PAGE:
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  • Writer's pictureLaura Kae

Hate: a product of unity?

It’s an unlikely connection; but I am convinced that if I am living out the reality that I am unified with other believers by the Spirit of the Living God, then there is indeed room for hate in my life. In fact it is necessary that there is hate in my life.

A few weeks ago, my local Church had a message about unity. Generally the message was about how we are to be unified with others who believe in Jesus and that we are unified by His Spirit in us. As I listened, I thought about how this might look in life if we were living out the truth of our unity, and I decided that it meant that we would simply be practicing all the “one another’s” in the epistles.

The following day, or at least on a day in the following week, I sat in a park watching a kid for three hours straight. Knowing it was going to be an easy task, I took along my journal; so as to give myself something to do as the child played.

I began to work through some difficulties I was having in a relationship with a fellow believer. As I listened to the message on unity, particularly Romans 12 had come to mind. I began to write down the phrases from this chapter in my journal. I left room between each phrase for me to record how it might look if I was living out unity with this person in a practical way. I found a really interesting Scripture “sandwich”. There is a verse or two in Romans 12 that says this:

Love must be sincere. Hate what is evil. Cling to what is good. Be devoted to one another in love.

I found it impossible to ignore that I was told that if I wanted to love this person sincerely then I would have to hate what is evil in our relationship. I figure the next phrase has to do with the only way the relationship can survive: if we cling to what is truly and actually GOOD in it. Not what feels good, but what actually IS good in the sight of the almighty God. Sometimes the most toxic parts of relationships are what feels good in relationships, after all. Hello, Codependency, I would like to say goodbye!

Honestly, in a weird way, it felt really freeing to realize the Bible told me to hate. Intellectually I have known for a long period of time that I am to hate sin, but it just struck me so different that day. It was having the H-word sandwiched right between sincere love and devoted love that really caught my attention. After all, I strongly love this person emotionally, God knows I want my love for them to be sincere and devoted. God knows I want to be willing to lay down my life for them, and yet His first description of what that love might look like begins with “hate…”.

It was a fascinating concept. I began to write down all the things that I ought to hate in the relationship. I wrote down all the things that I ought to cling to in the relationship. It felt so freeing to know that God was not in heaven trying to get me to say that the sinful parts of the relationship were “not that bad”. Nope, He was up in heaven saying, “Hate sin.”

As I have continued to ponder this concept, I have noticed the more internal workings of how a love for my fellow human being which hated their sin and brokenness would truly be the most sincere. It doesn’t have to be filled with condemnation. God knows my ability to stand in self-righteousness over a fellow human being is non-existent. This week as I was reflecting on some of my current actions in a few relationships, I considered that I must truly be the most selfish person on the face of this planet, which made me consider how much I must have won the prize for most selfish seven years ago! I must have really outdistanced everyone back then.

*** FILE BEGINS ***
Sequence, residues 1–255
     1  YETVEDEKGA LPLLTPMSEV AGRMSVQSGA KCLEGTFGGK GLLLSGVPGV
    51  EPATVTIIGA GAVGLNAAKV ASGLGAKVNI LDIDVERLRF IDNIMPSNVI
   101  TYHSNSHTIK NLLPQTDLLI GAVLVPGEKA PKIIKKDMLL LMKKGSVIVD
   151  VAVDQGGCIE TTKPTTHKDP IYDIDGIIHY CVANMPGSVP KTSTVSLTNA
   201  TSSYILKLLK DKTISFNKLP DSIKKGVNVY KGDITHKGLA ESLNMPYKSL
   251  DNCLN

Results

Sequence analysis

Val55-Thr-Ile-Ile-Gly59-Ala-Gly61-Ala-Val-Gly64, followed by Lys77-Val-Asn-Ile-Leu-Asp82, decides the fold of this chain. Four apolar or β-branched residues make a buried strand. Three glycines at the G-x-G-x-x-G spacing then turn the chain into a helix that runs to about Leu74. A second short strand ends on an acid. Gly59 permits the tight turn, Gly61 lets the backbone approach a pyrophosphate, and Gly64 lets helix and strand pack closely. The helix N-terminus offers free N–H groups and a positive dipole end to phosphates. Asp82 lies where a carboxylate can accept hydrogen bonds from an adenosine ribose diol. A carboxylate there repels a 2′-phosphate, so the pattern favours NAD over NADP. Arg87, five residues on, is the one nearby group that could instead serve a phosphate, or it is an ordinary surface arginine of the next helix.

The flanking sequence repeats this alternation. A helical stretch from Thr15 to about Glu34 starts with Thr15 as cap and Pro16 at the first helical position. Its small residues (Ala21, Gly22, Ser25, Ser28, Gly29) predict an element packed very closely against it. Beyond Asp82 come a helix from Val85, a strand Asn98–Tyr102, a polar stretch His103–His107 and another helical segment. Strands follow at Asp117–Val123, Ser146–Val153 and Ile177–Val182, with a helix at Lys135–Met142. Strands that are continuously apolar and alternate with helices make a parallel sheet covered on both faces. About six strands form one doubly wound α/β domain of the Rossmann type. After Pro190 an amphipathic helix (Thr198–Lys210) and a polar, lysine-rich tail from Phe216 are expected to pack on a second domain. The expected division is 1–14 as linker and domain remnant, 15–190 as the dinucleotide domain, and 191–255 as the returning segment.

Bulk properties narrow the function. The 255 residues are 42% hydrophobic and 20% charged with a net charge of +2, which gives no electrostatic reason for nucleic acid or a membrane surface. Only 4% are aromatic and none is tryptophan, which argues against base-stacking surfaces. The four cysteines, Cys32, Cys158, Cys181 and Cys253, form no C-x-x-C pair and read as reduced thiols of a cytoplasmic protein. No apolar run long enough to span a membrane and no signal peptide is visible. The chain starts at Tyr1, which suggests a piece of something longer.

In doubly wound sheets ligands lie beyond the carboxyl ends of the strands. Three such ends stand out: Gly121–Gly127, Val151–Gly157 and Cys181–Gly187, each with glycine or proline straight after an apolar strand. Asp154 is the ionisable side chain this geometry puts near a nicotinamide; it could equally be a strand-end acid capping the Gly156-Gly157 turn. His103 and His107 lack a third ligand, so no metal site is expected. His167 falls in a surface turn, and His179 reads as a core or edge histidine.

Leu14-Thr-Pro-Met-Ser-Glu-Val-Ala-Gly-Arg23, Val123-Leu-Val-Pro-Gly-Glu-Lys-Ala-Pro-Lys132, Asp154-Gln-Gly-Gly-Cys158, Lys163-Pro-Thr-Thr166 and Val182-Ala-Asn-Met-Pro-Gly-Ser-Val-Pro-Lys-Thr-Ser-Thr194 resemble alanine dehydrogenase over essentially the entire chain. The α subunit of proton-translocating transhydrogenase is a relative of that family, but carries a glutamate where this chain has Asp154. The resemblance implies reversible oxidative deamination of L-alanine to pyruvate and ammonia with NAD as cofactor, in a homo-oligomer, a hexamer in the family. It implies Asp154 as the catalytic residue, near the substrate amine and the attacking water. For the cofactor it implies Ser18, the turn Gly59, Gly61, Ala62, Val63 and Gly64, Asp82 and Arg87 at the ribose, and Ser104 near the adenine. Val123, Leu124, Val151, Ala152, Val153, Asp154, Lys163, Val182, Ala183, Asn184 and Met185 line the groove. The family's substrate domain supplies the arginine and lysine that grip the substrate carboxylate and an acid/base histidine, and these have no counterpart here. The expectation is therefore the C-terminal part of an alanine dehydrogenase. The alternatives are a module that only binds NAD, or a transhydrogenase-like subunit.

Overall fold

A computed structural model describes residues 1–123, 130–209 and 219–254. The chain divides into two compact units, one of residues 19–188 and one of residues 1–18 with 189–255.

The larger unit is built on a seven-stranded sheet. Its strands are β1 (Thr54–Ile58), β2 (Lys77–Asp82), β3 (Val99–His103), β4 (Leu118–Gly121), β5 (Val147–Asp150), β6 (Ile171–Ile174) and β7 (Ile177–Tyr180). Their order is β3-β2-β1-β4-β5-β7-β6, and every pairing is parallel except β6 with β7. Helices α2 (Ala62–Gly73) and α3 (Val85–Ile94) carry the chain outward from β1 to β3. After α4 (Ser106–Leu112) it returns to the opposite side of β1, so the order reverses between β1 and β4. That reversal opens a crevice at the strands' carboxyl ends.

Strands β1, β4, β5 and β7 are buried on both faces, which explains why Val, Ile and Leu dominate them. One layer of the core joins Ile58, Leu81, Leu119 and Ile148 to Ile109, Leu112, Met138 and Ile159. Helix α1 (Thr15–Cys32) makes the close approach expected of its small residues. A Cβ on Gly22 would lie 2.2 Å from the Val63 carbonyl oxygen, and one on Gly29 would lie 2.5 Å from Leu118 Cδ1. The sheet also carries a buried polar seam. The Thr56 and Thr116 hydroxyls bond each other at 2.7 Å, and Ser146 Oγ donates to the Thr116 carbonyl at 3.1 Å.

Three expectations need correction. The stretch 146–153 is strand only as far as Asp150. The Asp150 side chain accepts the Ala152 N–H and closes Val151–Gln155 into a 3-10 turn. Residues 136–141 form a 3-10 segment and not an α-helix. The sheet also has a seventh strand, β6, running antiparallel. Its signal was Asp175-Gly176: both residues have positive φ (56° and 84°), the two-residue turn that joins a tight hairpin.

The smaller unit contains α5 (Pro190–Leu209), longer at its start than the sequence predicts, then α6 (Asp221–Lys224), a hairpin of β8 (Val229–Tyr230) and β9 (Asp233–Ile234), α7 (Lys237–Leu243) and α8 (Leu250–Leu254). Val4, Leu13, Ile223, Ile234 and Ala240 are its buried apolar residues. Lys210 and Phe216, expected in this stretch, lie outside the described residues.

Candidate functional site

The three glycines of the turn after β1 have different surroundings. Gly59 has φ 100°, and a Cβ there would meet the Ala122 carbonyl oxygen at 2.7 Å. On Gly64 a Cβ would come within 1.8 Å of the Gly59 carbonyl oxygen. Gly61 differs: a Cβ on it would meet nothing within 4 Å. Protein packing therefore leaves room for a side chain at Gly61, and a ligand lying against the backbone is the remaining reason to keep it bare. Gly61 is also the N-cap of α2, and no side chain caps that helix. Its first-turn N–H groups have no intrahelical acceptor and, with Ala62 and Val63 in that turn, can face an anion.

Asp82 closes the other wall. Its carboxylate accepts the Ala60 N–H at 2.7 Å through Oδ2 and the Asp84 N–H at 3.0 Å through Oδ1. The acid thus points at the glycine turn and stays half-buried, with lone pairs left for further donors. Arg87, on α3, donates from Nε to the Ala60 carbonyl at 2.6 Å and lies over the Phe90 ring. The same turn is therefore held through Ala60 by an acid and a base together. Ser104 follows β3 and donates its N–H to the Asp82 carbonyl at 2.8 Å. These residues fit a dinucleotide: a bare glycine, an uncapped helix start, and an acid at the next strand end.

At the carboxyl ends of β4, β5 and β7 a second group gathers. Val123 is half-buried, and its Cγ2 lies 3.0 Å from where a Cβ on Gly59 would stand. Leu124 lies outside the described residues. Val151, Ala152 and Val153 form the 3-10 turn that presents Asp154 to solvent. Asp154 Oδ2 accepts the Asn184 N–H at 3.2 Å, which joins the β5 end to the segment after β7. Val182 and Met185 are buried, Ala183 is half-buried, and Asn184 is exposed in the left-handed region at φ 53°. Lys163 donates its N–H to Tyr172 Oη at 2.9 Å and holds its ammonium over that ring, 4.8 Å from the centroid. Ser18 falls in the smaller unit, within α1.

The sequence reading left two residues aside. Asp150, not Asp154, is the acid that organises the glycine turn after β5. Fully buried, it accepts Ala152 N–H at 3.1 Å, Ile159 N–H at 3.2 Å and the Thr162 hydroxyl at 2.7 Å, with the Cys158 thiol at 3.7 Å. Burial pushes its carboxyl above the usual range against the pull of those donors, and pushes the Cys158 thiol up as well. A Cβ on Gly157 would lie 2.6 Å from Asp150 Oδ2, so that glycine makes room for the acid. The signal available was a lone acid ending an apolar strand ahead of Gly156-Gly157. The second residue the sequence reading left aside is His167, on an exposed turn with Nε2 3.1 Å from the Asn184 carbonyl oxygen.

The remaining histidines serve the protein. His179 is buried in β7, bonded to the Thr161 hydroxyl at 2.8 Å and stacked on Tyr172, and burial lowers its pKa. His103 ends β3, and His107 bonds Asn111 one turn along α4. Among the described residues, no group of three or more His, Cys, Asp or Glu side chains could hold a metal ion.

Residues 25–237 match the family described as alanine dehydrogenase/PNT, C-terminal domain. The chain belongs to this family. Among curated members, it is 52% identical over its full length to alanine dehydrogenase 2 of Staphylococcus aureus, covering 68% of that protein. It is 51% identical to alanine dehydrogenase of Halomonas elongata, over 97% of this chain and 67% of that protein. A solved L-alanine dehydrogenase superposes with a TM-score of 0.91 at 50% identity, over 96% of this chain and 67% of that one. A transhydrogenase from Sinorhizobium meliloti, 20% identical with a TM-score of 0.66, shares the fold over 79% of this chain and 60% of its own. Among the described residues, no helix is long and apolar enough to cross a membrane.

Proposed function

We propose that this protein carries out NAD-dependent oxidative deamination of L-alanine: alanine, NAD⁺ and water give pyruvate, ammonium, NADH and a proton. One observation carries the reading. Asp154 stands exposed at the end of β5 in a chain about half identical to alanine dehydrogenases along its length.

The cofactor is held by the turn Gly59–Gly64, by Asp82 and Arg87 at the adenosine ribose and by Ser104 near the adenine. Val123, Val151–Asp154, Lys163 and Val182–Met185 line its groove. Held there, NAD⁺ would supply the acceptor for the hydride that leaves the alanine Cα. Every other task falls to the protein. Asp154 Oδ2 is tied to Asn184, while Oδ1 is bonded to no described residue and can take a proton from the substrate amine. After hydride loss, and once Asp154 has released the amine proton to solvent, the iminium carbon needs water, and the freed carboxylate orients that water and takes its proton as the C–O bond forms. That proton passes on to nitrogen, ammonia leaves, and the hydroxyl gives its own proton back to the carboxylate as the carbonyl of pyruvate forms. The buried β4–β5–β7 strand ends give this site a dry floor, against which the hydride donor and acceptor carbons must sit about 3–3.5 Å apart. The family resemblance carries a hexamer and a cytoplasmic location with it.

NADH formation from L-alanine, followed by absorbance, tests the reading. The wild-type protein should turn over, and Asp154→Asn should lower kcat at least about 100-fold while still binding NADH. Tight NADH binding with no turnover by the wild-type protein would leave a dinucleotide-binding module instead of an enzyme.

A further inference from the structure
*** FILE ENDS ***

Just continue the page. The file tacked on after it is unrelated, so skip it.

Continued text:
One of my pet peeves is when people try to make me feel better about some sin in my life. “It’s not so bad.” “Everyone does it.” “We are all broken.” “Everyone’s entitled to a little fun.” “God will understand.” “That’s what grace is for.” No, that is not what grace is for. Just let me hate my sin. How else will I choose to let it go?

Another thing I considered in light of this conversation was that if I was going to develop the character of God, then I must not only love what He loves but I must hate what He hates. To say I love God and am filled with His Spirit of love, joy, peace, etc, and yet love sin is impossible. The character of God hates sin. It hates everything that does not glorify Him. It hates all self-righteousness and self-promotion in human beings. It hates it when I preserve my own pride and seek my own welfare above the needs of others and the choice to love them.

Paul goes on in Romans to finish his thought before seeming to change subjects:

Love must be sincere; hate what is evil; cling to what is good. Be devoted to one another in love. Honor one another above yourselves.

Hating the sin in the relationship isn’t going to have me dishonoring or diminishing the other person. I won’t be trying to trample them under my feet or tell others about how bad their sin is. No, I will be lifting them up in honor above myself. I will be building them up and not breaking them down. I love wherever that verse is in the epistles that says Paul was given authority to build up but not breakdown.

This has been a most interesting “Scripture sandwich” to consider. It has had me pondering a new way to love. A way that is purer, stronger and more holy than what I had previously considered. One in which there is much more room for joy.

Anyone who claims to be in the light but hates a brother or sister is still in the darkness. Anyone who loves their brother and sister lives in the light, and there is nothing in them to make them stumble. But anyone who hates a brother or sister is in the darkness and walks around in the darkness. They do not know where they are going, because the darkness has blinded them. I John 2:9-11

Do you make excuses for sin in your relationships?


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